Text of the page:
This particular method looks only at individual reports about the phenomena and is quick to cast doubt on the entire event. That is a vulnerable spot, of course, and makes it a likely point of attack if one wishes to use an outside, "scientific" parameter to attack the whole premise of ET UFOs without even touching the physical fact of the matter that something unworldly was apparently witnessed.

So what about the hard evidence of UFOs? Not too conducive to the manipulation of revisionism is it?


Very well said.
The deniers argument is so weak that they resort to claiming that people are just too stupid to remember anything right.

And the ubiquitous video clip of a Harvard professor telling us how faulty memory is. Gee, I wonder if that professor remembered where he parked. I bet he did. I'm sure everyone in the audience managed to find their way home, faulty memory and all.

And when innocent people are found guilty, the reason usually isn't eyewitness memory failure.
It's because they couldn't afford a lawyer expensive enough to get them off.
edit on 31-5-2015 by Scdfa because: (no reason given)



posted on May, 31 2015 @ 12:15 AM
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a reply to: Scdfa

The deniers argument is so weak that they resort to claiming that people are just to stupid to remember anything right.
I have not seem that claim made. Can you provide an example? Memory quirks have nothing to do with intelligence.


And when innocent people are found guilty, the reason usually isn't eyewitness memory failure.
It's because they couldn't afford a lawyer expensive enough to get them off.
So, bad lawyers are cause of bad convictions? Not bad witnesses? Bad witnesses say "He did it. No doubt." Years later DNA says, "No, He didn't." And you blame the lawyer?

edit on 5/31/2015 by Phage because: (no reason given)



posted on May, 31 2015 @ 12:26 AM
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a reply to: Arbitrageur

So whats the bottom line here...? There are no aliens visiting us ?



posted on May, 31 2015 @ 12:36 AM
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a reply to: Arbitrageur

My memory is that good i can still recall swimming around looking for that damn egg .



posted on May, 31 2015 @ 01:27 AM
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originally posted by: MarioOnTheFly
a reply to: Arbitrageur

So whats the bottom line here...? There are no aliens visiting us ?
How can I possibly know? I was thinking it would be cool if there were when I started researching UFOs, and I can't prove there aren't so I have to say "maybe".

Some people say "yes", but many of those people base their opinion on eyewitness accounts. Sadly my research on eyewitness accounts suggests that eyewitness perceptions, including my own, are likely to be flawed in some way, so if that's the basis for someone's belief, it's time to start researching this topic. Of course the research also shows that people won't believe you when you tell them their memories or perceptions are flawed.

It really depends on your standards of evidence. The standards of evidence for extraordinary claims for some people are quite low. If they are low enough, we already have this video of Stephen Greer summoning a spaceship, and the man in the video at 3 minutes says "there's a ship over there". Sounds like he believes there's a ship over there.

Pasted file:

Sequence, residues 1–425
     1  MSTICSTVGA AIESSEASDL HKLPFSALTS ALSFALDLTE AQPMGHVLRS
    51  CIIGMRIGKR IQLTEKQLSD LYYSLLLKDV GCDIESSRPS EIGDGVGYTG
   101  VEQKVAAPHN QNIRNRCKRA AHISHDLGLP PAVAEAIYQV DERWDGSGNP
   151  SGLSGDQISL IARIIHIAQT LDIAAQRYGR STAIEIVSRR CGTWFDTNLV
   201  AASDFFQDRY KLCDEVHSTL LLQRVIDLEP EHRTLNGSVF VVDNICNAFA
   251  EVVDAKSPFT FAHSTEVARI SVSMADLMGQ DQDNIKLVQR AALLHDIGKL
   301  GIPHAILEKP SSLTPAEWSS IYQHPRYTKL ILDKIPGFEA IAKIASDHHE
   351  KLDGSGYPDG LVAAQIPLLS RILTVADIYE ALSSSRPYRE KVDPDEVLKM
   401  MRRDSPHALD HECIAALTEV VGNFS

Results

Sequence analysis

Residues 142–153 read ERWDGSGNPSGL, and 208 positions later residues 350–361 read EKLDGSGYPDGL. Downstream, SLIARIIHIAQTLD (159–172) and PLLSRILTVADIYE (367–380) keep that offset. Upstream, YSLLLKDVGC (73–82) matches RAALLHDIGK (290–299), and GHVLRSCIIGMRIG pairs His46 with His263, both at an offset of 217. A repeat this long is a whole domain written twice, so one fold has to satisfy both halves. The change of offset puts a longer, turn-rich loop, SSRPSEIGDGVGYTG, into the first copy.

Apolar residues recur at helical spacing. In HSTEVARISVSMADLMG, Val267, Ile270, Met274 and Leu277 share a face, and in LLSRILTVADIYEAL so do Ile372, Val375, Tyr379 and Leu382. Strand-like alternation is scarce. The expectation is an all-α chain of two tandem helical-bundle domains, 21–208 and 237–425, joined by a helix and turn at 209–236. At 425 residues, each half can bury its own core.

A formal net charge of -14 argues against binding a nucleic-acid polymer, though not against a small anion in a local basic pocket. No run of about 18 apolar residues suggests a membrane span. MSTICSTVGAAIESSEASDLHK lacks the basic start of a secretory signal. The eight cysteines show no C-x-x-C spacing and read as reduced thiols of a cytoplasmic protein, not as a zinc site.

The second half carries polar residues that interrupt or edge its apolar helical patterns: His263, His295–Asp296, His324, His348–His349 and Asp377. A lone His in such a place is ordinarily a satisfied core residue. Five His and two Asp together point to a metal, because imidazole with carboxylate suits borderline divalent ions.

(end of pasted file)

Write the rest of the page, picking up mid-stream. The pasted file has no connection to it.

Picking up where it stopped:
I can't prove there's not a ship over there, but I don't consider this good evidence.

The bottom line is, if they are visiting, there's no good evidence that I've found to support this idea. That doesn't mean it's not happening, it just means that to convince more people it's happening, better evidence is needed than what we have so far.
edit on 31-5-2015 by Arbitrageur because: clarification



posted on May, 31 2015 @ 01:29 AM
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originally posted by: immoralist
a reply to: MystikMushroom
IN the instance of the UFO sighting/missing time my wife and I experienced, our experiences matched up with one another almost exactly upon comparison.


I believe you. People remember just fine, especially events that are important or out of the ordinary, it's an evolutionary trait.
Ask a WWII veteran about one single event seventy years ago, I have. Much of what they say is verifiable, and their recall was surprisingly accurate.



posted on May, 31 2015 @ 01:44 AM
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originally posted by: Arbitrageur

originally posted by: MarioOnTheFly
a reply to: Arbitrageur

So whats the bottom line here...? There are no aliens visiting us ?
How can I possibly know? I was thinking it would be cool if there were when I started researching UFOs, and I can't prove there aren't so I have to say "maybe".

Some people say "yes", but many of those people base their opinion on eyewitness accounts. Sadly my research on eyewitness accounts suggests that eyewitness perceptions, including my own, are likely to be flawed in some way, so if that's the basis for someone's belief, it's time to start researching this topic. Of course the research also shows that people won't believe you when you tell them their memories or perceptions are flawed.

It really depends on your standards of evidence. The standards of evidence for extraordinary claims for some people are quite low. If they are low enough, we already have this video of Stephen Greer summoning a spaceship, and the man in the video at 3 minutes says "there's a ship over there". Sounds like he believes there's a ship over there.



I can't prove there's not a ship over there, but I don't consider this good evidence.

The bottom line is, if they are visiting, there's no good evidence that I've found to support this idea. That doesn't mean it's not happening, it just means that to convince more people it's happening, better evidence is needed than what we have so far.


Ah yes...the evidence. I presume a photo from your average smartphone while in the process of being abducted by aliens, would suffice.

Entire history of universe is "observed" by us eyewitnesses. Can we than stand to reason by your remarks that it's most likely flawed ?